6 occurrences in 6 dictionaries

Reference: Lord


This name belongs to God by preeminence; and in this sense ought never to be given to any creature. Jesus Christ, as the Messiah, the Son of God, and equal with the Father, is often called Lord in Scripture, especially in the writing of Paul. The word LORD, in the English Bible, when printed in small capitals, stands always for JEHOVAH in the Hebrew. See JEHOVAH.


There are various Hebrew and Greek words so rendered.

(1.) Heb Jehovah, has been rendered in the English Bible LORD, printed in small capitals. This is the proper name of the God of the Hebrews. The form "Jehovah" is retained only in Ex 6:3; Ps 83:18; Isa 12:2; 26:4, both in the Authorized and the Revised Version.

(2.) Heb 'adon, means one possessed of absolute control. It denotes a master, as of slaves (Ge 24:14,27), or a ruler of his subjects (Ge 45:8), or a husband, as lord of his wife (Ge 18:12).

The old plural form of this Hebrew word is 'adonai. From a superstitious reverence for the name "Jehovah," the Jews, in reading their Scriptures, whenever that name occurred, always pronounced it 'Adonai.

(3.) Greek kurios, a supreme master, etc. In the LXX. this is invariably used for "Jehovah" and "'Adonai."

(4.) Heb ba'al, a master, as having domination. This word is applied to human relations, as that of husband, to persons skilled in some art or profession, and to heathen deities. "The men of Shechem," literally "the baals of Shechem" (Jg 9:2-3). These were the Israelite inhabitants who had reduced the Canaanites to a condition of vassalage (Jos 16:10; 17:13).

(5.) Heb seren, applied exclusively to the "lords of the Philistines" (Jg 3:3). The LXX. render it by satrapies. At this period the Philistines were not, as at a later period (1Sa 21:10), under a kingly government. (See Jos 13:3; 1Sa 6:18.) There were five such lordships, viz., Gath, Ashdod, Gaza, Ashkelon, and Ekron.

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(See JEHOVAH.) In small letters and with initial capital "Lord" represents Adonai in KJV of Old Testament. In capitals "LORD" represents Jehovah, except Ex 23:17. The "LORD God", Adonai Jehovah, where it ought to be "the Lord Jehovah," and Ex 34:23. "GOD" in capitals also represents Jehovah ('/Genesis/15/2'>Ge 15:2, 'Adonay Yahweh). "God" in small letters, with initial capital, represents 'Elohiym. (See GOD.)

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The Heb. OT has three leading names for God: (1) 'the name of four letters' (lelragrammaton) JHWH (familiar to us in the incorrect form 'Jehovah'; the real vocalization is almost certainly 'Jahweh' [see God, p. 299]); (2) Adonai; (3) Elohim. By a misinterpretation of Le 24:15 the Jews shrank from uttering the first of these, and added to its four consonants, in their reading of the OT, the vowels of either Adonai or Elohim. When the vowels of the former were added, the AV and RV generally translate the word by 'Lord'; when those of the latter, by 'God'; using small capitals in each case. If, however, Adonai is originally in the text, they represent it by 'Lord,' using an initial capital only. Thus in the OT 'Lord 'represents Jahweh when it was read as Adonai; and 'Lord' represents Adonai when it stands in the original text. This distinctive printing is not observed in the NT. There are several other Hebrew words in the OT expressing the general Idea of lordship, which are rendered by 'lord' (Ge 45:8; Jos 13:3; Ezr 8:25 etc.).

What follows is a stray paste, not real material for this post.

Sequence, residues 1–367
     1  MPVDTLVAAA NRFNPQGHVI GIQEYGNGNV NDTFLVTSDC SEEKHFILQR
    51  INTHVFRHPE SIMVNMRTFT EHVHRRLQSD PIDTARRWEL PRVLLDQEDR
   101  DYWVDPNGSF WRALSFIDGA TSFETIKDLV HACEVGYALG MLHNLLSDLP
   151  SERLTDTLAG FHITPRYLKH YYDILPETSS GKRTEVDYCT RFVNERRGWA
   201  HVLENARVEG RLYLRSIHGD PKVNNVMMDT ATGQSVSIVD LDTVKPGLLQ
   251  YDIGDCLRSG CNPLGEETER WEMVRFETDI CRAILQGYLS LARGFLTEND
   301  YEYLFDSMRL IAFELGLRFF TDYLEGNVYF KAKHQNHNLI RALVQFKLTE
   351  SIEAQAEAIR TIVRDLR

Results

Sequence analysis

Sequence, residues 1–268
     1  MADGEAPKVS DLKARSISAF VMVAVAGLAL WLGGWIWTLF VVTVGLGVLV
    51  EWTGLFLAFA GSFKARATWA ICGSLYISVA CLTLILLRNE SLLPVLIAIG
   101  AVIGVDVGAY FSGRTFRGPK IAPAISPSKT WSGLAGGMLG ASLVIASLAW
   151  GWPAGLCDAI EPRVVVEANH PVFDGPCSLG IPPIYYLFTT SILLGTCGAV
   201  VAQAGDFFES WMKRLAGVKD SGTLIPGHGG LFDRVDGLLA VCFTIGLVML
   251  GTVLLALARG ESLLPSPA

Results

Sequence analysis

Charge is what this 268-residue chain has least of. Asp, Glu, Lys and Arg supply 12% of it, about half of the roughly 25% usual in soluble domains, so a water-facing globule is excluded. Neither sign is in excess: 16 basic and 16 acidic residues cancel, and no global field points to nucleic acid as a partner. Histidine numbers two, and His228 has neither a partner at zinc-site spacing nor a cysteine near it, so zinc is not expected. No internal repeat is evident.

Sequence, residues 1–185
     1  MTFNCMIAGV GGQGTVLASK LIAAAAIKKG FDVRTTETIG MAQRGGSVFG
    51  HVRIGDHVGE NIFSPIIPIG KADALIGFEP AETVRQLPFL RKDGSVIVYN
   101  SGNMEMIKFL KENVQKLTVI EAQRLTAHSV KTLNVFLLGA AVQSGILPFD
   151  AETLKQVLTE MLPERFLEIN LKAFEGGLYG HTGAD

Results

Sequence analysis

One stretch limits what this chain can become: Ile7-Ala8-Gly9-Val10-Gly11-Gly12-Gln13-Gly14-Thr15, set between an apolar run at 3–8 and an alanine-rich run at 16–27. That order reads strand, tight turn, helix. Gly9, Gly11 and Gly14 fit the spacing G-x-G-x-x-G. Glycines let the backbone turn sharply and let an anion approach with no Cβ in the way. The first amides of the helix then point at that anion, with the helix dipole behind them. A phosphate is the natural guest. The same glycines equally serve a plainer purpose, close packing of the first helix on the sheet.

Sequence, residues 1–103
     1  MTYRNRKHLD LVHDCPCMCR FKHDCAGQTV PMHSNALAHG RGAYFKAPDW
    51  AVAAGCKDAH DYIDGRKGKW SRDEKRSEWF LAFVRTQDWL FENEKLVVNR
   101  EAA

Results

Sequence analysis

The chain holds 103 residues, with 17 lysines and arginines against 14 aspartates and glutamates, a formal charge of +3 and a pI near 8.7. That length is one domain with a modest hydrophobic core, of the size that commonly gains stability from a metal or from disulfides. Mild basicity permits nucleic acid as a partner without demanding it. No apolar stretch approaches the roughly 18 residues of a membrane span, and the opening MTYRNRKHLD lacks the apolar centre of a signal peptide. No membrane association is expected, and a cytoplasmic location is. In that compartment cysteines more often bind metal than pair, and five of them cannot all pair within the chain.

In the NT 'Lord' is used once as tr of Rabboni (Mr 10:51), and five times of despot

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1. adon, ??????. These words are commonly translated 'lord.' They are used as a term of respect as between man and man, as seen in the children of Heth to Abraham. Ge 23:6; between servants and masters, and once by a wife to her husband. Ge 18:12; Lu 16:3,5; 1Pe 3:6. The title 'Lord' is applied to God ( Ps 90:1, Adonai), and in the N.T. to the Lord Jesus, not only as a term of respect, but as owning His constituted lordship. Ac 2:36; Php 2:11 He is emphatically the Lord as eclipsing every other for the Christian, who delights to appropriate Him as 'My Lord.' Lu 1:43; Joh 20:13; Php 3:8. To believers collectively He is 'Our Lord Jesus Christ.'

There is also in this title the idea of administration which it is of great consequence to observe. As Man the Lord Jesus is mediator between God and men, and receives blessings for men which are administered through Him as Lord. "To us there is . . . . one Lord, Jesus Christ, through whom are all things, and we through him." 1Co 8:6. See Ro 5:1-2,11,17,21 and other scriptures.

The same Greek word is often used in the LXX for the Hebrew name Jehovah, and is transferred to the N.T. without the article. It stands as a proper name in the sense of Jehovah, as in Mt 1:20,22,24, etc., though the English requires it to be translated 'the Lord.' See GOD.

2. ????????, signifying 'owner, master,' as a man who owns slaves. It is applied to God and to the Lord Jesus, Lu 2:29; Ac 4:24; 2Pe 2:1; Jude 1:4; Re 6:10; and in 2Ti 2:21 is translated 'master.'

3. ???????, a word similar to Rabbi, a term of respect among the Jews, signifying 'teacher.' It is applied to the Lord by the blind man in Mr 10:51; and by Mary in Joh 20:16, where it is untranslated.

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See God